Problems Caused By Over-Pruning and How to Avoid Them

February 26, 2014

Have you ever driven by a landscape with shrubs that have been pruned into rounded shapes?  You may be surprised to find out that maintaining shrubs this way is often not only unnecessary but uses more water than shrubs pruned infrequently.

What are some of the other ill effects of excessive pruning?

  • Plants grow faster in their attempt to re-grow the leaves that were pruned away.
  • More maintenance is required due to the fact that shrubs grow faster.
  • More water is used by the plant as it devotes resources to replacing leaves lost to pruning.
  • Flowering shrubs are downgraded to round, green shapes with few leaves and flowers.
  • Excessive and unnecessary green waste is created.
  • Shrubs decline due to the stress of constantly growing back leaves lost to pruning.

So, what can you do to avoid the need to frequently prune your shrubs?

These unsheared Texas Sage shrubs feature striking flowers and a compact natural shape. What an improvement from the formal, flowerless shapes (same shrub) in the photo above.
These unsheared Texas Sage shrubs feature striking flowers and a compact natural shape. What an improvement from the formal, flowerless shapes (same shrub) in the photo above.
  1. Learn how large your shrubs will become and allow enough room for them to grow. For example, if your chosen shrub(s) grow to 6 ft. tall and wide, then plant them at least 7 feet apart and in an area where they won’t impede your view.  You can find a list of shrubs and their mature sizes in the Landscape Plants for the Arizona Desert online plant database.
  2. Reduce the number of excess shrubs in the landscape. If your landscape cannot fit all of the plants in it without having to resort to frequent pruning, you can selectively remove some of the shrubs in order to allow those that remain to grow larger without having to constantly prune them.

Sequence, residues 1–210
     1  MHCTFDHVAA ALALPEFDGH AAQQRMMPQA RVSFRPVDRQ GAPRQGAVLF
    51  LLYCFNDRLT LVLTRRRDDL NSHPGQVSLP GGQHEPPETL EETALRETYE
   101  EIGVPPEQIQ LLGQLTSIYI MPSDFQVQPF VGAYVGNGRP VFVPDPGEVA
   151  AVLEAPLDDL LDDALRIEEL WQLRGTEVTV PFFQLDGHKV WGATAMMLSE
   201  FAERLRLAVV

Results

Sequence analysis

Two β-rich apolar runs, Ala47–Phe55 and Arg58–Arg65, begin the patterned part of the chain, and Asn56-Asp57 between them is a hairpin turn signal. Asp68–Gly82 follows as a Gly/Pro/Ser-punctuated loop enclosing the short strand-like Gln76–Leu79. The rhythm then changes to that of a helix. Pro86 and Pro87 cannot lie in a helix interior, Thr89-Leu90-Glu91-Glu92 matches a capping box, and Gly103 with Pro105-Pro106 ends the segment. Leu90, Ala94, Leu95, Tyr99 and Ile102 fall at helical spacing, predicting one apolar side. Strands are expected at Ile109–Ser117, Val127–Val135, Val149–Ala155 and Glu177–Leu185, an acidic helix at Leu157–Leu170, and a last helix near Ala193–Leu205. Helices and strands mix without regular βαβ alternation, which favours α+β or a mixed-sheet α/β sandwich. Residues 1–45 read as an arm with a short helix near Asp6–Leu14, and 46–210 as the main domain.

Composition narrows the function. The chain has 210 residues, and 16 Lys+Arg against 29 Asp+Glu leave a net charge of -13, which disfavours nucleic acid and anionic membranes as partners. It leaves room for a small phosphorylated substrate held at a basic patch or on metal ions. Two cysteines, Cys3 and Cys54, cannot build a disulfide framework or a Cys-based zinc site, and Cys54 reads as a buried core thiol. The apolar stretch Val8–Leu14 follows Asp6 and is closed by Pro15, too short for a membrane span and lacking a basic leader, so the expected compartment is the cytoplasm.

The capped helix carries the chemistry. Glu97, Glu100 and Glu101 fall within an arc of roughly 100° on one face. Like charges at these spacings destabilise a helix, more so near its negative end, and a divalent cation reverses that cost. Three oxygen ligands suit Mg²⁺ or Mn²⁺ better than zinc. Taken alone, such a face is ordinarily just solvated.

3. Prune flowering shrubs once a year or less. It may surprise you to learn that shrubs do not need to be pruned on a regular basis. As long as your shrub(s) have enough room to grow – proper pruning will be focused on plant health and removing old, woody growth (most flowering shrubs can be pruned back in early spring).  Throw away your hedge-trimmers and use hand pruners or loppers. Find helpful guidelines on how to prune and maintain flowering shrubs through this shrub guide from the University of Arizona Cooperative Extension.

And, what should you do if you already own over-sheared shrubs?

If your landscape is filled with overgrown, formally pruned shrubs – you can start over.  In early spring you can severely prune back flowering shrubs to 18 inches.  This type of severe pruning rejuvenates shrubs and stimulates new growth that can be maintained with infrequent pruning, focusing on keeping the natural, attractive shape of the flowering shrub. You may lose a few of your shrubs doing this, but the results are well worth the risk.

By avoiding the practice of excessive pruning, you will not only save water, money and time – you’ll have an attractive landscape with beautiful, naturally-shaped, flowering shrubs instead of a landscape filled with boring, green ‘balls’.

From time to time, Water – Use It Wisely features guest bloggers who write about topics related to water and water conservation. Noelle Johnson is an urban horticulturist, Certified Arborist and freelance garden-writer who helps people create beautiful, low-maintenance gardens through helpful advice on her blog She is passionate about teaching people that flowering shrubs aren’t meant to be balls, cupcakes or square-shaped. When she is not writing or helping other people with their landscapes, you can find her “playing” outside  growing fruits and vegetables, and planting flowering shrubs and maybe a cactus or two.